- South African yields within whisker of West African nation's
- Spread widened after Zuma backtracked on finance minister
For a moment last week, bond traders judged South Africa almost as risky as Nigeria.
As South African assets plunged in the wake of President Jacob Zuma’s shock decision to fire his finance minister on Dec. 9, the nation’s bond yields only just avoided rising above those of the West African country, which has a credit rating four levels lower and a reputation for corruption and political upheaval.
The chart below shows how average yields on rand-denominated government bonds soared to a record 10.46 percent on Dec. 11, less than one basis point from being above those of Nigeria’s local-currency government bonds for the first time ever, according to data compiled by Bloomberg. Zuma roiled markets when he dismissed Nhlanhla Nene from the finance portfolio and replaced him with little-known lawmaker David van Rooyen, before changing his mind four days later.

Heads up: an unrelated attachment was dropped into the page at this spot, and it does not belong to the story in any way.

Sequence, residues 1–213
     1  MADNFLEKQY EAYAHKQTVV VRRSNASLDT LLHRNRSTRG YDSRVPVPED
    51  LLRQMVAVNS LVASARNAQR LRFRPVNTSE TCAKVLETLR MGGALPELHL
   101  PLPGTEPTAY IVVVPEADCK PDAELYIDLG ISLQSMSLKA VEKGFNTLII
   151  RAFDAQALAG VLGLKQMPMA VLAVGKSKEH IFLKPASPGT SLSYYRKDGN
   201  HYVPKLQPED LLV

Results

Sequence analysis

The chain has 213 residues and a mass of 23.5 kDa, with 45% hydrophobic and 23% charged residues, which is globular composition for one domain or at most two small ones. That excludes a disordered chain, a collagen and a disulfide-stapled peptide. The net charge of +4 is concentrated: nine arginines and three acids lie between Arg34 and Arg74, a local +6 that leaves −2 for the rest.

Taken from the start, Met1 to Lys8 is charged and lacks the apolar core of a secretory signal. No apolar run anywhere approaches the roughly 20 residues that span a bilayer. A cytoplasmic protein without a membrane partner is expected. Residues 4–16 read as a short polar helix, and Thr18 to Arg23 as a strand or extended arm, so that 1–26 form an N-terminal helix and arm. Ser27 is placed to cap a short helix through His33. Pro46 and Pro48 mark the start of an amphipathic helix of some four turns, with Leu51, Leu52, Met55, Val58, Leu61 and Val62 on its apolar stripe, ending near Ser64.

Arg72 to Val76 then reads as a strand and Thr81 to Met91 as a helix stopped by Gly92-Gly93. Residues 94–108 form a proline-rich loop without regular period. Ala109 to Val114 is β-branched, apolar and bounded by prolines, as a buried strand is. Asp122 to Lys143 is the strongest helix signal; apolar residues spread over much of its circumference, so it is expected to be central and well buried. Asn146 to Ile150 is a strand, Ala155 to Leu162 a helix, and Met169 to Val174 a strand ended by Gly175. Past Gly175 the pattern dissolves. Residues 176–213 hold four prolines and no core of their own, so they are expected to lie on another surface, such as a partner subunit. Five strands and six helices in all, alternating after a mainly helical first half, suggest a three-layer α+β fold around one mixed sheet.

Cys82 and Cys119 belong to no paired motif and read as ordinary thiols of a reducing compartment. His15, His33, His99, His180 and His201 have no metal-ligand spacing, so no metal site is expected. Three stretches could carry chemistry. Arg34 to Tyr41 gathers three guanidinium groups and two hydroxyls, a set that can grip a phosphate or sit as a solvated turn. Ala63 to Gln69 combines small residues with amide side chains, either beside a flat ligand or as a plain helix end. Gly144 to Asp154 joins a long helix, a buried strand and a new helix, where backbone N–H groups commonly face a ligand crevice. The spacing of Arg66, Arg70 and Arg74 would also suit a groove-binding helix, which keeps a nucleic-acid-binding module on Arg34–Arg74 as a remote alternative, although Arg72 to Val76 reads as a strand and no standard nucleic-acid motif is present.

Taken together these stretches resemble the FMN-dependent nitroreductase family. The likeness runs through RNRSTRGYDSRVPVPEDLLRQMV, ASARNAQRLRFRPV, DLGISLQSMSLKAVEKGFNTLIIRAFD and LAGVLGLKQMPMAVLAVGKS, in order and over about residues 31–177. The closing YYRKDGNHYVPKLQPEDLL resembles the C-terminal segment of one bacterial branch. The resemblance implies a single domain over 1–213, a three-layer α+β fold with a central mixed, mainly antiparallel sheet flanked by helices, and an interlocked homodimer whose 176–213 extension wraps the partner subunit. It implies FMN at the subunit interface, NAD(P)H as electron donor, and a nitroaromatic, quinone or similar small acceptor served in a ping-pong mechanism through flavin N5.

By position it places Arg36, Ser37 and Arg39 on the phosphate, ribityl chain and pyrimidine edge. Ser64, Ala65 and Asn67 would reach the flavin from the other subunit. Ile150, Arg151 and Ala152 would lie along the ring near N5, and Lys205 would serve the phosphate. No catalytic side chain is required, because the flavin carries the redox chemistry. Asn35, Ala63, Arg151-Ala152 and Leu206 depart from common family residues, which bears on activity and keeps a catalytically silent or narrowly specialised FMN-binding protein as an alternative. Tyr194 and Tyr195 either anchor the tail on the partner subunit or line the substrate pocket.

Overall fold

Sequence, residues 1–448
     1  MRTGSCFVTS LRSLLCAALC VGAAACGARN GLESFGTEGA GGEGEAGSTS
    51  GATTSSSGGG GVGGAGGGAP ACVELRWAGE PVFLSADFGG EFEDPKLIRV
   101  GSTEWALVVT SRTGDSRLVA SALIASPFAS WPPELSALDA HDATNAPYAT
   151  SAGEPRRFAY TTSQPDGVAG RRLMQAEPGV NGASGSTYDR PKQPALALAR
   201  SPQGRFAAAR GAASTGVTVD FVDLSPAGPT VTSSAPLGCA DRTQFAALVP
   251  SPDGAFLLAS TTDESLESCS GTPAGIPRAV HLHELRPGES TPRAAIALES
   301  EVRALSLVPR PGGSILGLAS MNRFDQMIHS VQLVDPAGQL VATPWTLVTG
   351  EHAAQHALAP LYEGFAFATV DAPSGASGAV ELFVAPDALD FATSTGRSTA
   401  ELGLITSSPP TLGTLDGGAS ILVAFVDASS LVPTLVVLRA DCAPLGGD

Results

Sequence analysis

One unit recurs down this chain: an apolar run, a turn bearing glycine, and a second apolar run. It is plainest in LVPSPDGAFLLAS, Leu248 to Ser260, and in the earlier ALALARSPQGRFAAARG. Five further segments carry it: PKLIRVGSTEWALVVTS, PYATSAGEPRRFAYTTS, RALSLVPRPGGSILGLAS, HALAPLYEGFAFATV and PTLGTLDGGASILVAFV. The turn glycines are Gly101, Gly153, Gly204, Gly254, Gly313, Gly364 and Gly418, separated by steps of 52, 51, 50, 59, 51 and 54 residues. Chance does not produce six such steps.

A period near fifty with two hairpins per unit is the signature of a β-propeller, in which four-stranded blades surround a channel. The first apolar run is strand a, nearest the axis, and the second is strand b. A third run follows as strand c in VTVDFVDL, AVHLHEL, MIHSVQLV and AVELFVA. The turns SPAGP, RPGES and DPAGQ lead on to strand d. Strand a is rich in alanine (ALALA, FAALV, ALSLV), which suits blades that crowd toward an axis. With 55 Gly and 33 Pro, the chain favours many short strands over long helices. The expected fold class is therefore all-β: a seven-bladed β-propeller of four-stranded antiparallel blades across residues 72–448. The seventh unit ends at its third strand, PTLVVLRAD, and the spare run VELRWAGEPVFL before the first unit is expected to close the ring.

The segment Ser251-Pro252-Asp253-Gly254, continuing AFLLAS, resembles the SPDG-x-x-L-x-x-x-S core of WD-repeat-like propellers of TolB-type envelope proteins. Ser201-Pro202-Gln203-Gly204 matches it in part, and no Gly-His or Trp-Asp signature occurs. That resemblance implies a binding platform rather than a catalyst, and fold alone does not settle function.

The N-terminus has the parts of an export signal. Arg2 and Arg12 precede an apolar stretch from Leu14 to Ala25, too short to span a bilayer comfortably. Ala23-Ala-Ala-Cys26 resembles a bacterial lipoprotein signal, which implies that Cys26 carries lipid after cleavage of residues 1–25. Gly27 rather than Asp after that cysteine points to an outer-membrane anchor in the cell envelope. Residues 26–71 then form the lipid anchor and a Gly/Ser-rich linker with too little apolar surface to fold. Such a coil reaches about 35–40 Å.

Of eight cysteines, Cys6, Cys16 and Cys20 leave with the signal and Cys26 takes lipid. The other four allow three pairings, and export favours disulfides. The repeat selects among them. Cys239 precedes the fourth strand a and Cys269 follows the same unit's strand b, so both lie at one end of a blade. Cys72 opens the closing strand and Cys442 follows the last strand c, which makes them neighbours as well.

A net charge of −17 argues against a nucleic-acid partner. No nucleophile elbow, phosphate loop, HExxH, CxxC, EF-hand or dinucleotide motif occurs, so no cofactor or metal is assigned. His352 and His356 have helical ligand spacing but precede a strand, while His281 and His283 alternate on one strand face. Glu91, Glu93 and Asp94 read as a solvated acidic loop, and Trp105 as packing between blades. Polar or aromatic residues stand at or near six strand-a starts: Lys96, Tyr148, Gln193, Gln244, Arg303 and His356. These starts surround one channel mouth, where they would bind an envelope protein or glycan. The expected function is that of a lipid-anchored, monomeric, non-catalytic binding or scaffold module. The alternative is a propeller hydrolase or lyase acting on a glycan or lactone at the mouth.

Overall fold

The chart shows that the yield gap between Africa’s two biggest economies had never been smaller. It was as much as 891 basis points, or almost 9 percentage points, in February, when Nigeria’s yields soared after its government postponed a presidential election following an upsurge in attacks by Boko Haram militants.
Nigeria is ranked 136 out of 175 nations in Transparency International’s 2014 Corruption Perceptions Index, with South Africa at 67, and the West African nation’s debt is rated B+, or four levels below investment grade, by Standard & Poor’s, versus South Africa’s assessment of BBB-, one step above junk.
Some normality was restored when the spread widened to 45 basis points on Monday, the day after Zuma succumbed to pressure from markets and bankers and replaced Van Rooyen with Pravin Gordhan, who had served as finance minister between 2009 and 2014.
South Africa’s bonds rose again on Tuesday. Yields on securities due in December 2026 fell 41 basis points to 9.51 percent at 4:11 p.m. in Johannesburg.